CDM: ‘Never Fade’ is a lot more sombre compared to other songs on the EP. You sing, “I wish I could give you an answer / Say the right words and it’d make you feel better." It’s so heartfelt. Do you think that sometimes being there for someone is enough?
KATELYN: I think that’s exactly what that song is about. It’s almost like a response to my song, ‘You Don’t Know’, without me really trying. ‘You Don’t Know’ is about wanting to feel what you’re feeling without having someone try to cheer you up, and then ‘Never Fade’-- We’ve all been in that position of seeing someone we love and care about going through a hard time, and there really is nothing you can do to make it better. If you try, it kind of falls short, at least in my experience. So that was me wanting to express that idea, because that’s what I feel like I want when I’m going through something, is just someone there with me. It’s such a simple idea, but I do think it is a powerful idea to remember, that if someone is going through something that feels scary, even if you know how to handle it, most people just want support and someone who’s there if they need you.

CDM: ‘Don’t Let It Change You’ is also a super powerful message. Do you think change is a normal part of life, even though it’s something we tend to be so afraid of?
KATELYN: I do. I think change is good. That song is super personal, and really raw, it's really a stream of consciousness. The idea behind the chorus is like, ‘You’re gonna evolve, but don’t let the stress of life and your circumstances, the hard trenches of life take away the good core parts of you.’ When you’re going through hard stuff, it’s easy to become jaded, bitter, cynical, and hard - and I definitely sense that in myself. If I’m going through something hard, that song is about reminding myself to come back to what’s important, and accept myself for who I am, and not let that stuff alter me in a fundamental way. That song is still something I’m processing now.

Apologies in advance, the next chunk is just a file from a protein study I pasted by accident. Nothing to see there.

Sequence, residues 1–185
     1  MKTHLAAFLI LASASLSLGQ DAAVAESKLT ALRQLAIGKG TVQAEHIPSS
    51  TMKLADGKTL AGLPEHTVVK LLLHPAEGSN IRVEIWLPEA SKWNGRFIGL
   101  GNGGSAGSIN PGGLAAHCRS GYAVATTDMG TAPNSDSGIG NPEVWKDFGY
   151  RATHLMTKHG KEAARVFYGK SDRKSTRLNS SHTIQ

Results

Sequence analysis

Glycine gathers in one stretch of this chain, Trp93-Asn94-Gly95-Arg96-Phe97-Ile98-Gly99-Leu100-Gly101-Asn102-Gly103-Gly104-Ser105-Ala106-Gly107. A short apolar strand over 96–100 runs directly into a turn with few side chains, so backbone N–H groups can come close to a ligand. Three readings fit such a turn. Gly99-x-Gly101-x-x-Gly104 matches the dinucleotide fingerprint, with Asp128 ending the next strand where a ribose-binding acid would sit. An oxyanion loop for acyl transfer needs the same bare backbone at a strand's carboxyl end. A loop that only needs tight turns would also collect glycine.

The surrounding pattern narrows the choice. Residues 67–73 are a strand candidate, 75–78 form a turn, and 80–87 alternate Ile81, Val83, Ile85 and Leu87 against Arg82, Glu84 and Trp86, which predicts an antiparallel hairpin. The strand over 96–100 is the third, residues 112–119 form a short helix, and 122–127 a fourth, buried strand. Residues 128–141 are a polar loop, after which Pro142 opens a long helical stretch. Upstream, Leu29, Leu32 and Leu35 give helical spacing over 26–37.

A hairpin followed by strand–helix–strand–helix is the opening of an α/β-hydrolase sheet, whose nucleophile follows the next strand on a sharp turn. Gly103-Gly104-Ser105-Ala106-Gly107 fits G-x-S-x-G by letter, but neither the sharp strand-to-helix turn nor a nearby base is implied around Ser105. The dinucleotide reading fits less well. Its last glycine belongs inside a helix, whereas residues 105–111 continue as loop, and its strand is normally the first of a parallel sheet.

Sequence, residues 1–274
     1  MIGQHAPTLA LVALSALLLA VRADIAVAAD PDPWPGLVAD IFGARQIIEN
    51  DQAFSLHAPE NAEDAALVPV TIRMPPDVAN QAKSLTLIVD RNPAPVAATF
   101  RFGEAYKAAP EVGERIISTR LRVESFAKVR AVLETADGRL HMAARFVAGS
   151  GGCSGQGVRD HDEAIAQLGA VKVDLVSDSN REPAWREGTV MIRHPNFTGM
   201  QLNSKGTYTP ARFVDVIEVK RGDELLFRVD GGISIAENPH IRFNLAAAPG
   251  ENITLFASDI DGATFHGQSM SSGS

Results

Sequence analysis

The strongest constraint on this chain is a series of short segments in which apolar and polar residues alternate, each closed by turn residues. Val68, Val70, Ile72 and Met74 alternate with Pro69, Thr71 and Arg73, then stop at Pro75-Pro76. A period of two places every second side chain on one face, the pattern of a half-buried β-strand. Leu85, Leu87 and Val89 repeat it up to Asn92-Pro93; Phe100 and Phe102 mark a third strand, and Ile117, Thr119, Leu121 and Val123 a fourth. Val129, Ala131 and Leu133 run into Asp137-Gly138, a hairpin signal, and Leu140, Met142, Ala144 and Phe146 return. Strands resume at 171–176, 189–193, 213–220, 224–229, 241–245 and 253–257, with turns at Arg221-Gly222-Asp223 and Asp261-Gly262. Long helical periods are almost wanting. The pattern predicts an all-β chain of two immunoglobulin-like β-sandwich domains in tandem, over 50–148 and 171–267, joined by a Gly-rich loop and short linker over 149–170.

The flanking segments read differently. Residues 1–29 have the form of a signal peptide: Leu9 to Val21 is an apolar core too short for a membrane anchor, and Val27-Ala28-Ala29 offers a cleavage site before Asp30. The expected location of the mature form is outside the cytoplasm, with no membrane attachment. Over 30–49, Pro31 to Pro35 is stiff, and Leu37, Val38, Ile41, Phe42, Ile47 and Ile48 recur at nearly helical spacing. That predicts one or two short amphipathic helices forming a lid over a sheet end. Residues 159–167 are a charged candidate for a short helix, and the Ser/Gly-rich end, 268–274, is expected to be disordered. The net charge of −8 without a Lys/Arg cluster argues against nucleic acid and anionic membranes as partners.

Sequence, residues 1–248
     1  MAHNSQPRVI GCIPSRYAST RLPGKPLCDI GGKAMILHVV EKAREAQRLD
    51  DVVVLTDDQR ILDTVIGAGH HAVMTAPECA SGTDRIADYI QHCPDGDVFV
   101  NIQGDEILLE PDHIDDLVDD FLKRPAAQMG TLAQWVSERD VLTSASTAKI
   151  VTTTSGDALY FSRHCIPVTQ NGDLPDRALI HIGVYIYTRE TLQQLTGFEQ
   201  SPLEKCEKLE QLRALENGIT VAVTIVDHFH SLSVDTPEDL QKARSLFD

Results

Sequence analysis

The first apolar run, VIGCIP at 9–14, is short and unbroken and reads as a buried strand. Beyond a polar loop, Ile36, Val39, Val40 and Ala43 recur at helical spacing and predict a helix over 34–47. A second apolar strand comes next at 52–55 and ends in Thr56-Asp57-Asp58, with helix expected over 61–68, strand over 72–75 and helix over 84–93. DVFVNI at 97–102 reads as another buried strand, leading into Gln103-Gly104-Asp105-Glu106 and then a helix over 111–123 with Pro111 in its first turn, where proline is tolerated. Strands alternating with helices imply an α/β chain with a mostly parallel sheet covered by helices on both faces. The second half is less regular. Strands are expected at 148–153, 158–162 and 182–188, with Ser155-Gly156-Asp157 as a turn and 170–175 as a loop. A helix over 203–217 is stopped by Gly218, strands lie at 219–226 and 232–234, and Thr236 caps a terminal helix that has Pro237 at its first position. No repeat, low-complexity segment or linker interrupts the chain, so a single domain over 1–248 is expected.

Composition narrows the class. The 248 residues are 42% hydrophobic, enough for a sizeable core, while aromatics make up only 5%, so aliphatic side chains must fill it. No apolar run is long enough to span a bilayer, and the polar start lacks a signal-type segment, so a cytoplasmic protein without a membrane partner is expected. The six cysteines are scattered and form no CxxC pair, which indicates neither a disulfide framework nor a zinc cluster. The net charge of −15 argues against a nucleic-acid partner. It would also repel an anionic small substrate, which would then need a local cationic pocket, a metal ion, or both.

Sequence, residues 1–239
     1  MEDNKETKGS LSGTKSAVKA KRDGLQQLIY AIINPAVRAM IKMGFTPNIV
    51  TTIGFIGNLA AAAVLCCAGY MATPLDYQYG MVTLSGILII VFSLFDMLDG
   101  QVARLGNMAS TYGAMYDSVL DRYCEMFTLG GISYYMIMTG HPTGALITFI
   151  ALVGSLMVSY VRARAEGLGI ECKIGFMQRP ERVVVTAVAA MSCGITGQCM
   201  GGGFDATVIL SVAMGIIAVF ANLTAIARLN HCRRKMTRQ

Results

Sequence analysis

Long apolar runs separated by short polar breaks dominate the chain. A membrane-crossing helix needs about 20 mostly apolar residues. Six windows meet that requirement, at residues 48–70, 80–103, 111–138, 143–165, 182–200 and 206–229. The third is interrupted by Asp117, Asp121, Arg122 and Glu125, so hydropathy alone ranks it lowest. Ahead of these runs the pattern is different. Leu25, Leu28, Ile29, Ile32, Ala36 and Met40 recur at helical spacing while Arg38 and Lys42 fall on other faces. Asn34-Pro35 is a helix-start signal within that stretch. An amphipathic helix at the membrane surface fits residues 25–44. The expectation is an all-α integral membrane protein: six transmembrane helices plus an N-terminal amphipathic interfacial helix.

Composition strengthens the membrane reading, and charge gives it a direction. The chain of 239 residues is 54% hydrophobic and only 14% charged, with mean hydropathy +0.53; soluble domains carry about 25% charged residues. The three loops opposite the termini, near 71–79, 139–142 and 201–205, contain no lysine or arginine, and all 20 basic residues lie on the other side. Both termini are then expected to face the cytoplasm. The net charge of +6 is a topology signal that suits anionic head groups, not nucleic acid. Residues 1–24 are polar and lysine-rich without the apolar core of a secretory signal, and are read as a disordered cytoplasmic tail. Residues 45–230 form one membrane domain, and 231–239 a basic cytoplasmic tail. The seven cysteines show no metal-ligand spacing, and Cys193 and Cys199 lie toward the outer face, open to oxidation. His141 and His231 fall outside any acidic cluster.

CDM: It’s so cool that the song was stream of consciousness.
KATELYN: That song particularly, I wrote it as it is now, and then I probably rewrote it ten times, because I was like, ‘I don’t know, this might be too much.’ I eventually went, ‘How it was on that first day is how it should be.’ It’s the first song that I’ve done that with, like revisited a lot, because I was maybe scared to put it out there so vulnerably. I’m excited about it though.

CDM: ‘LY4L’ is a total bop. It’s romantic, and also shows the parts of a relationship when you’re baring your soul to someone - “I told you my heart's got some damage.” Do you think that honesty is one of the most important parts of any relationship?
KATELYN: I do. I think it’s always a process, figuring out how to be honest. That song was about the good and easy, the verses hint at the more vulnerable parts. But I do think honesty is really important because I think it’s important to develop trust, and to trust someone with your heart, and with your honesty - those parts about you that feel vulnerable and scary to share. I get taking your time, and making sure whoever you’re with - a friend or romantic partner - is worthy of that, and that you’re not sharing something too soon, that you maybe wish you didn’t tell someone yet.

CDM: You go onto sing in the pre-chorus that, “You show me the good parts of myself.” Do you think it’s important for people to help bring out the best traits/characteristics in one another?
KATELYN: Yeah, I think that was a line that I’d been thinking about, how I just appreciate that so much in my relationship. It’s easy to focus on the parts about yourself that you wish were different, and that you want to change or get better at, and it’s easy to focus on those bad parts. So to have someone who reminds you of the good parts of yourself, and appreciates them and likes them, and brings them out, I think that's special.

CDM: Has it been fun previewing the new songs on the EP at your live shows?
KATELYN: It’s been really fun! Especially fun to play ‘Kool Aid’, because I think every time I perform it, I just feel it a little bit more. It’s always fun to find those moments that I want to hit a little harder, so it’s been exciting. I haven’t played a couple of them live yet, so I’m curious as to how that’ll go, when I start doing those. It’s been nice to play some new music, and I feel like the response has been pretty good.

CDM: What else do you have planned for 2018?
KATELYN: I’m playing some shows here [in LA], I did a little tour of California in May, so that was fun, but with music I’m just excited to share these songs and if I could play them in a couple of other cities besides LA, that’d be awesome too. It’s definitely on the list. Who knows though, I could put out this EP, then write a song next month that I love and just release it.

Katelyn Tarver’s ‘Kool Aid’ EP is out now - click here to purchase, and watch the ‘Kool Aid’ music video below…